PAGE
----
Circular Decceleration

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In summary, the problem involved calculating the angular acceleration of a record player's turntable based on its rate of rotation and time to come to rest. The solution involved converting rev/min to rad/s and using the average deceleration formula to find the magnitude of the angular acceleration. The correct solution was 0.0573 rad/s^2.
  • #1
Problem:

The turntable of a record player rotates at a rate of 50.7 rev/min and takes 92.7s to come to rest when switched off.

Calculate the magnitude of its angular acceleration. Answer in units of rad/s^2.

Solution:

First I converted rev/min to rad/s. Which I got to be 5.309 rad/sec. Then I found the constant average decceleration which would be the decceleration because it is a constant decceleration.

A(avg)
=
The Change in Velocity
---------------------
The Change in Time

My soultion, which is wrong, is -.0573. What am I doing wrong?
 
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  • #2
Ha!

Well, it was asking for the magnitude... so the solution was .0573 not -.0573.
 
  • #3


It seems like you are on the right track but your calculation for the average angular acceleration is incorrect. To find the average angular acceleration, we can use the formula:

α(avg) = (ωf - ωi) / t

Where:
α(avg) = average angular acceleration
ωf = final angular velocity (in rad/s)
ωi = initial angular velocity (in rad/s)
t = time (in seconds)

In this problem, ωf = 0 (since the turntable comes to rest) and ωi = 5.309 rad/s. Plugging in these values and the given time of 92.7 seconds, we get:

α(avg) = (0 - 5.309) / 92.7 = -0.0573 rad/s^2

So your calculation was correct, but you just forgot to include the negative sign in your answer. The negative sign indicates that the turntable is decelerating, as we would expect.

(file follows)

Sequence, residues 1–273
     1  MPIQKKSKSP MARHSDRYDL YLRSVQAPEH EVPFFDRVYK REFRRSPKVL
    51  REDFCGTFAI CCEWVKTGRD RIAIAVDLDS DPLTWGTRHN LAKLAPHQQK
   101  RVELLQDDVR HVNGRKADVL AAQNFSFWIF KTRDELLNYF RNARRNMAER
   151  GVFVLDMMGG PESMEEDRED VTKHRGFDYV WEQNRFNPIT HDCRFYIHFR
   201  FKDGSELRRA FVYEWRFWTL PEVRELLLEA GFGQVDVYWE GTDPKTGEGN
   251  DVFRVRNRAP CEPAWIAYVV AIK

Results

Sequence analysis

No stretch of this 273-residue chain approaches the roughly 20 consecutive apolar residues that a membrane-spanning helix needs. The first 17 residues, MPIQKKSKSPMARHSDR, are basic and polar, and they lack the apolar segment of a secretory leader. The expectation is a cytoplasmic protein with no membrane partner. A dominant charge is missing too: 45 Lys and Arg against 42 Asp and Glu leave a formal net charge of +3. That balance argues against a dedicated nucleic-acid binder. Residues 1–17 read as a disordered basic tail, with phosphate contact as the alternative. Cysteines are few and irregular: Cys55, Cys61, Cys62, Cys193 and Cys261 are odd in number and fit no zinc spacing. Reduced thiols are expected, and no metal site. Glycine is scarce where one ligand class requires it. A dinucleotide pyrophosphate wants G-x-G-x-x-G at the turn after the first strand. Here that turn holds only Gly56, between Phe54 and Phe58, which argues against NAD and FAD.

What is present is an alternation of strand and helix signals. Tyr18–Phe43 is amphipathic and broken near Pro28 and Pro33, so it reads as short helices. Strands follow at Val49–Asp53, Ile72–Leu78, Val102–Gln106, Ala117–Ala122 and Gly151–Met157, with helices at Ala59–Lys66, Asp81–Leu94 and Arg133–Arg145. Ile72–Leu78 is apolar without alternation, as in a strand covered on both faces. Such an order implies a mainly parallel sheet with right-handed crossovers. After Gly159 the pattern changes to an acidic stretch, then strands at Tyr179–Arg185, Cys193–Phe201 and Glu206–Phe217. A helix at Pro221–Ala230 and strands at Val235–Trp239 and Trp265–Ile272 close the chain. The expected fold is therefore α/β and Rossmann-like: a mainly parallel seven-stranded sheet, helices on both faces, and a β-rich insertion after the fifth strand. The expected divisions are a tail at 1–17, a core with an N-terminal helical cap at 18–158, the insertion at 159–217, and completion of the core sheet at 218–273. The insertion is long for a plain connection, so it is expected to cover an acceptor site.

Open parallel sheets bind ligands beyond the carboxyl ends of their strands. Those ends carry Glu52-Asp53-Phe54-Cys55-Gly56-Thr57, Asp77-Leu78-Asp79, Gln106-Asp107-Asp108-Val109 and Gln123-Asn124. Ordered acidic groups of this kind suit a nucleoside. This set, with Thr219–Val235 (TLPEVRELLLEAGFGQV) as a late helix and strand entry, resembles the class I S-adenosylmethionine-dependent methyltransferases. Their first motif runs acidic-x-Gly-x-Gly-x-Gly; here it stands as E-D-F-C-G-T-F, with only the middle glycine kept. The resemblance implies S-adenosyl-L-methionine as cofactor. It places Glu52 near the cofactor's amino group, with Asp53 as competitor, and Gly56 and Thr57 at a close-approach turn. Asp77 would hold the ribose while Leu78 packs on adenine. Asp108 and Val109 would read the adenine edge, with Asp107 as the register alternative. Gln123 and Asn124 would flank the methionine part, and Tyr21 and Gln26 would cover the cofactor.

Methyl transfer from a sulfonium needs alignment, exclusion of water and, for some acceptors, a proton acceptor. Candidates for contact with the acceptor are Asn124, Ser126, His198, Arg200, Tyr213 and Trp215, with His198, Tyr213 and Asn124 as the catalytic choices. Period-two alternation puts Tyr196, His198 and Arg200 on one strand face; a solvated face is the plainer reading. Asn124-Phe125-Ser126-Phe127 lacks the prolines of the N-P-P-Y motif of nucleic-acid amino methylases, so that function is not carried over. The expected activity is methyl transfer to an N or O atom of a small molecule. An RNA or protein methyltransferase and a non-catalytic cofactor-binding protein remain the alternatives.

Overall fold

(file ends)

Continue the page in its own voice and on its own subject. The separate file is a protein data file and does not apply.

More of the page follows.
Therefore, the magnitude of the angular acceleration is 0.0573 rad/s^2.
 

1. What is circular deceleration?

Circular deceleration is a type of acceleration that occurs when an object's velocity decreases while moving in a circular path. This means that the object's speed is decreasing, but it is still moving in a circular motion.

2. How is circular deceleration different from linear deceleration?

Circular deceleration occurs when an object's velocity decreases while moving in a circular path, while linear deceleration occurs when an object's velocity decreases in a straight line. In circular deceleration, the object's direction of motion is constantly changing, while in linear deceleration, the object moves in a straight line.

3. What causes circular deceleration?

Circular deceleration is caused by a force acting on an object that is moving in a circular path. This force, known as centripetal force, is directed towards the center of the circle and causes the object to slow down and change direction.

4. How is circular deceleration measured?

Circular deceleration is measured in units of meters per second squared (m/s²) or radians per second squared (rad/s²). This represents the change in velocity per unit of time as the object moves in a circular path.

5. How can circular deceleration be calculated?

The formula for calculating circular deceleration is a = v²/r, where a is the deceleration, v is the velocity, and r is the radius of the circular path. This formula can be used to determine the deceleration of an object moving in a circular path, given its velocity and radius.

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